Safe, fair, and transparent working conditions.

Problems such as excessive teaching loads, a lack of paid time off, and unsafe labs prevent us from doing our work to the best of our abilities. A union would allow us to negotiate for clear and fair policies around workload and conditions that would also adapt to our diverse work practices. 

Financial security for all.

Many of us face financial precarity, especially in the face of the rapidly rising cost of living. All of us need a wage that supports us to do our best work, and we know Penn can afford it. A union would allow us to bargain for a wage that lets us thrive and is guaranteed to keep pace with rising costs. True financial security for graduate student workers is a necessary step for making Penn a more accessible place to those who have been historically excluded from academia. 

Power and protections against harassment and discrimination in our workplace.

Workplace harassment is widespread at Penn and graduate student workers often lack real recourse for mistreatment, or even a clear path out of a harmful environment. We often experience racist and sexist discrimination in our workplace. Other student worker unions have won protections against retaliation; transitional funding to support students who have to change labs; a right to union representation at meetings that could determine employment status; and third-party arbitration to resolve issues of harassment, discrimination, and abuse. 

Comprehensive and inclusive healthcare and benefits.

Our healthcare and benefits often fall short of what we really need. Eyes and teeth aren’t luxuries – all student workers at Penn deserve full and comprehensive healthcare, covered upfront. Beyond healthcare, graduate student workers are whole people with whole lives: we experience emergencies, we support our families, and we have futures to plan. We shouldn’t have to choose between living full, joyful lives and completing our degree. With the power of a union, we can negotiate for the kind of comprehensive benefits that would help make academia more inclusive and diverse. 

Power, protection, and equality for international student workers.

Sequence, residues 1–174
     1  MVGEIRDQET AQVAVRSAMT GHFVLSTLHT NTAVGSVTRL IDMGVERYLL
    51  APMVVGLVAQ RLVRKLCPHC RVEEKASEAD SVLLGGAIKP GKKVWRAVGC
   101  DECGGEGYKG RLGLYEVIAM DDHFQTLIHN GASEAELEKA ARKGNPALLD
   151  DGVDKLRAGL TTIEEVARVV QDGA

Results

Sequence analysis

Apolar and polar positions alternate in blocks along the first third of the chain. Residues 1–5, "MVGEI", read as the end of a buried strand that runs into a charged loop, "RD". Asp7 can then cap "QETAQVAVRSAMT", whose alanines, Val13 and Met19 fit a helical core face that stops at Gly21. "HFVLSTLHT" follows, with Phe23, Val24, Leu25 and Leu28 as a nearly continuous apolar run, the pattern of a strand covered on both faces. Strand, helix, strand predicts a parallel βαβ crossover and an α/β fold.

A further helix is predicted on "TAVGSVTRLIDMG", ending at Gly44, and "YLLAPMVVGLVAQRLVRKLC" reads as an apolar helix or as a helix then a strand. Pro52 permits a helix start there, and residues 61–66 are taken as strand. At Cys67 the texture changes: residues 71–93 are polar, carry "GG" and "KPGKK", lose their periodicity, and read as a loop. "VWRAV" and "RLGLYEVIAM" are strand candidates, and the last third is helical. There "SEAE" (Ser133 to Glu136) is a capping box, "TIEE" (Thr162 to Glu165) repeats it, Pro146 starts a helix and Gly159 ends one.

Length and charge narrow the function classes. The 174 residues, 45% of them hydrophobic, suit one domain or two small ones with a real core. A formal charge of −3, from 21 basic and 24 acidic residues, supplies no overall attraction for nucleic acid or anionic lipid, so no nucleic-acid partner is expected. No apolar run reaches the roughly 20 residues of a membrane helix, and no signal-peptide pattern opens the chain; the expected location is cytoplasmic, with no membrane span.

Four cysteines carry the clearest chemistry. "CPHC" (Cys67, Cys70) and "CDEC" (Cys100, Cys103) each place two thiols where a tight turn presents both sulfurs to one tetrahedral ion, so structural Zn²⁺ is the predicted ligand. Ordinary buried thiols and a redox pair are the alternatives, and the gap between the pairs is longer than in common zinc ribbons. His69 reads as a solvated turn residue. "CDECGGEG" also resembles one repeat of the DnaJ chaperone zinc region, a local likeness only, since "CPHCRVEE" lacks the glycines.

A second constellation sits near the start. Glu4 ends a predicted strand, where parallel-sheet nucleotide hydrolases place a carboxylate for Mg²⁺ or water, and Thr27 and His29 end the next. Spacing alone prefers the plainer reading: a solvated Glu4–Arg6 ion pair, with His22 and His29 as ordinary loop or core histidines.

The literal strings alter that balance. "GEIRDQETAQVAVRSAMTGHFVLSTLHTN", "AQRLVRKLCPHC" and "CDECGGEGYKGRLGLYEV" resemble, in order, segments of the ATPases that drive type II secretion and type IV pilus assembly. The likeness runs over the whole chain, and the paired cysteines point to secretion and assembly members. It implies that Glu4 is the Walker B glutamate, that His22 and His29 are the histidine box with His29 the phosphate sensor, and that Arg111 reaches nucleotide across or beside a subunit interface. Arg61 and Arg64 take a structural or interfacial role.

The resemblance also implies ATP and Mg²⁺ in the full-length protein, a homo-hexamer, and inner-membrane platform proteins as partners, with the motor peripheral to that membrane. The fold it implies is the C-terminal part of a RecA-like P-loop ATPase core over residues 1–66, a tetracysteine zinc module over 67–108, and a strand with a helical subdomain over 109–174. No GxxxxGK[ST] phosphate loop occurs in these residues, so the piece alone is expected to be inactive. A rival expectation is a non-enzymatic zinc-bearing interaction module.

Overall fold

International graduate student workers face additional costs and burdens associated with relocation, visa applications, and taxes, and are often subject to discrimination and/or heightened exploitation. With a union, we can have more power to negotiate for the support and equality international workers need and deserve. Other student worker unions have won legal aid, paid leave, options for remote work, waived fees, and other forms of support for international workers. 

Campus accessibility and disability justice.

Workers with disabilities have been systematically excluded from and marginalized at Penn, with barriers to access in both physical and organizational systems. Having a union will help us stand up for individual accommodations and systemic changes in campus infrastructure, healthcare, transportation, working hours, leave policy, workers compensation, and more. Our organized voices can collectively demand what many of us need right now, and open academia to those currently excluded by a lack of accessibility.

Justice for our neighborhood and city.

Penn is a powerful presence in our city, but contributes no property taxes and has no democratic accountability for its decisions. Along with many Philadelphians, our struggles with housing affordability, transit, safety, and racist policing are effects of an institution that has often failed in its commitment to the well-being of this city. As a union, we can fight for Penn to reflect our values and make Philadelphia better for all of its residents.